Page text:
To a smugglers’ haunt on the Dorset coast


Lying to the north-east of Weymouth is an area of countryside where the scenery is constantly changing because of the diversity of the underlying rocks. In an hours’ walk one can pass from Purbeck Stone to Kimmeridge Clay, from Kimmeridge Clay to Corrallian Limestone and from Corallian Limestone to Chalk; and the rocks of the heath, the Bagshot Beds, are never far away.

The walk begins by rising up a ridge of Purbeck stone that is pressed so close against a ridge of chalk that the two almost meet at Pixon Barn. From the top of the hill the sprawling manor house of Poxwell with its interesting hexagonal gatehouse can be seen amongst tall trees on the right (A). The Pathfinder map shows a church with a spire at Poxwell, but this has now gone. Behind the manor the main road can be seen heading for the roundabout at Warmwell Cross, and beyond it is a view of distant forests on the heath.

The route continues to Pixon Barn, an isolated stone building with a slate roof and walled farmyard. Rabbits are common in this area, and larks are constantly singing overhead. Just past the barn there is a view on the right of the chalk escarpment leading to the Osminton White Horse (B). Here the unimproved pastures can be distinguished by little terraces or ‘terracettes’ running along the slope.

As the route descends it runs along the crest of a ridge with views on both sides. On the left you can see how the Isle of Portland is linked to the mainland by no more than a narrow strip of shingle, and on the right you can look along a valley of Kimmeridge Clay to the village of Sutton Poyntz. The white horse is also visible, but it appears to be foreshortened because of the angle.

The route follows a lane shaded by sycamores and enters the village of Osmington.   Note the giant ammonite embedded in the wall of a house on the right – a common sight in this fossiliferous county.

Osmington is a village of thatched stone cottages and stone garden walls. The cottages are adorned with flowers, and valerian grows outwards from the walls.   Adjoining the churchyard are the ruins of the seventeenth-century manor house where steps lead down to a very old door with long iron hinges.(C) In this village in 1816 the artist John Constable spent his honeymoon at the age of forty. He produced two paintings of the area, one entitled ‘Osmington Village’ and the other ‘Weymouth Bay’. As you turn into the main road you can see ahead of you a thatched roof embellished with crescent-shaped decorations called scallops.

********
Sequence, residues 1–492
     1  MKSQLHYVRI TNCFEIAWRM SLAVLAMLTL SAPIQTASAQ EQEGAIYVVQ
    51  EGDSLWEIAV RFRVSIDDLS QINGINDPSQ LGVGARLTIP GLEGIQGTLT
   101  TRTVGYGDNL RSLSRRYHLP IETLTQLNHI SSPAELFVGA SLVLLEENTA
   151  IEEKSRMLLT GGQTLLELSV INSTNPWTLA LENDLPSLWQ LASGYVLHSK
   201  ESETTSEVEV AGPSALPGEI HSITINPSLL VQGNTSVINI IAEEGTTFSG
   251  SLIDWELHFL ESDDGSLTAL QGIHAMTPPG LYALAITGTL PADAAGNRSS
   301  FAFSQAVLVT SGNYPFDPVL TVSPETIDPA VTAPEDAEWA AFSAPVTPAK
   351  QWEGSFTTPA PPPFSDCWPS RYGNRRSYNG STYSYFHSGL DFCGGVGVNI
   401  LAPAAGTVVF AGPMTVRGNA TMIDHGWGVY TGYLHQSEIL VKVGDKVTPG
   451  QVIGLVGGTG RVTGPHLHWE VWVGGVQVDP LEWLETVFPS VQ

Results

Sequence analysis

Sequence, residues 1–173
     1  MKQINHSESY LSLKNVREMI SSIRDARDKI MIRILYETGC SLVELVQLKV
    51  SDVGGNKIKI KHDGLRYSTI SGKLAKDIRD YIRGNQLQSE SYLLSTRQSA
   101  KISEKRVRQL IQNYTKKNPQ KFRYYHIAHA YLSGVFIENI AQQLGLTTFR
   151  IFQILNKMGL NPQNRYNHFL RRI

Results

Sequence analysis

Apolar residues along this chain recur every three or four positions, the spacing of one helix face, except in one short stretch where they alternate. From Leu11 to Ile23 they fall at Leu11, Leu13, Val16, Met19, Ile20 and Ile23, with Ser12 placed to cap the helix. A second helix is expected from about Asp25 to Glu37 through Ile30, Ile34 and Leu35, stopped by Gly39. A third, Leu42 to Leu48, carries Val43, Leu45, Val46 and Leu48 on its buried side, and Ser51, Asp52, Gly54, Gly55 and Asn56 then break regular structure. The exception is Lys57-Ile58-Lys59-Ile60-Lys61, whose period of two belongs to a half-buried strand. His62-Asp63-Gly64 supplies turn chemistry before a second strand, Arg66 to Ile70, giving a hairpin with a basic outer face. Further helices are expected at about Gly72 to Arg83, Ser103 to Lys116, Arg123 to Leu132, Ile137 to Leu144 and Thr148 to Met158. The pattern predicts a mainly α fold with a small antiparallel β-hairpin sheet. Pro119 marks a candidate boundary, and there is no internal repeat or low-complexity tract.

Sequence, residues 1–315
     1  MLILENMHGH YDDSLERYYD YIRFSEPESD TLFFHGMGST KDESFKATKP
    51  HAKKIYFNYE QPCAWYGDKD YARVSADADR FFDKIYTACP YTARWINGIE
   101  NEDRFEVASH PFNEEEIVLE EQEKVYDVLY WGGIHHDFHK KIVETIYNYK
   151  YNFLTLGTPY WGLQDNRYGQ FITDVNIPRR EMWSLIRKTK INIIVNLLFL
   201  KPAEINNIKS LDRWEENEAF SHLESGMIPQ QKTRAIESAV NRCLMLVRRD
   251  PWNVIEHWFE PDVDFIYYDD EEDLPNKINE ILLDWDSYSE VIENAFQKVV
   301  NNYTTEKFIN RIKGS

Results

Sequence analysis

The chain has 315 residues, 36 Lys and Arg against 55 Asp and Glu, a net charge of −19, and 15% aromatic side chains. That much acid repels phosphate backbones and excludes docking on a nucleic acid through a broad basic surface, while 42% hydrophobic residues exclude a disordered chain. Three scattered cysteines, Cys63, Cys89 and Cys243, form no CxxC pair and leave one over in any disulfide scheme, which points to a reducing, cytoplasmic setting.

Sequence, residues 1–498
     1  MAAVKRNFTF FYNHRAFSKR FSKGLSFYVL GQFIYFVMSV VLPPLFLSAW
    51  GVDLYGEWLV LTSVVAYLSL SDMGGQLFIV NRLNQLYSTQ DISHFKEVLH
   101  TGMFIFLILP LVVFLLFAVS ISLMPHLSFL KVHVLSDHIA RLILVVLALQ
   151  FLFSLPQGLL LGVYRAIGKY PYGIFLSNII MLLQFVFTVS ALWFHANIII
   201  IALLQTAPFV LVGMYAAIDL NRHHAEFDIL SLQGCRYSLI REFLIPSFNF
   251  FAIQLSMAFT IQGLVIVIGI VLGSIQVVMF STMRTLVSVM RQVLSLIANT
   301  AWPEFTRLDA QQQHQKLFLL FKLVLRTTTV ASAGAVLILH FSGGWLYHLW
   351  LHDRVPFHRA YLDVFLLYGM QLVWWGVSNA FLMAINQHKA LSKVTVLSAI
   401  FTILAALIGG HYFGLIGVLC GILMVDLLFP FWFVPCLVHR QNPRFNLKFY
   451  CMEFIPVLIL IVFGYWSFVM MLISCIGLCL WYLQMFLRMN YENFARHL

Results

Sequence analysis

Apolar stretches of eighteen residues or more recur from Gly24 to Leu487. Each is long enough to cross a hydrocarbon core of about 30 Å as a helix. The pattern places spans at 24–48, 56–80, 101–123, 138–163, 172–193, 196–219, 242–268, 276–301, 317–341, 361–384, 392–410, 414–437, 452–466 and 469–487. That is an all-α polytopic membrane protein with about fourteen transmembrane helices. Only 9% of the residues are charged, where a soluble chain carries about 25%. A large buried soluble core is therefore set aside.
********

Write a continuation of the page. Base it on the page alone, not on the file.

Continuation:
The path from Osmington to Osmington Mills is part of the Dorset Coast Path, which takes to the hills here to avoid the built-up area around Weymouth. From the stile at the top of the hill there is a beautiful view on the left looking along a valley of Wealden beds to Holworth. The Osmington White Horse is well seen from here.   This is the only white horse that has a rider, the rider being King George III, who was a regular visitor to this part of the country.

The Smugglers Inn at Osmington Mills is described on the sign board as a thirteenth-century smugglers haunt, but the present building is not as old as this. The Ordnance Survey map shows a cliff-top path to the west from here. If you walk to the far end of the car park you can see how this path has completely disappeared as a result of encroachment by the sea, and it is easy to visualise how England became separated from France, and the Isle of Wight from the mainland, in the course of thousands of years.

The high spot of the walk undoubtedly occurs just past Osmington Mills, when the path suddenly bursts upon the clifftop, and you look out over a great expanse of sea to the hotels on the seafront at Weymouth.

Before long the path passes through a thicket that has been trimmed by the wind as neatly as if it had been cut with a hedge-trimmer. As the path emerges from the thicket the headland of White Nothe comes into view ahead, with St Aldhemlm’s Head to the right of it. In the novel Moonfleet by J. Meade Falkner John Trenchard was carried up the cliff-path to White Nothe by Elzevir Block. On the top of the nothe is a small building, and to the left of this is a much larger building. This was the home of the novelist Llewelyn Powys from 1925 until 1931.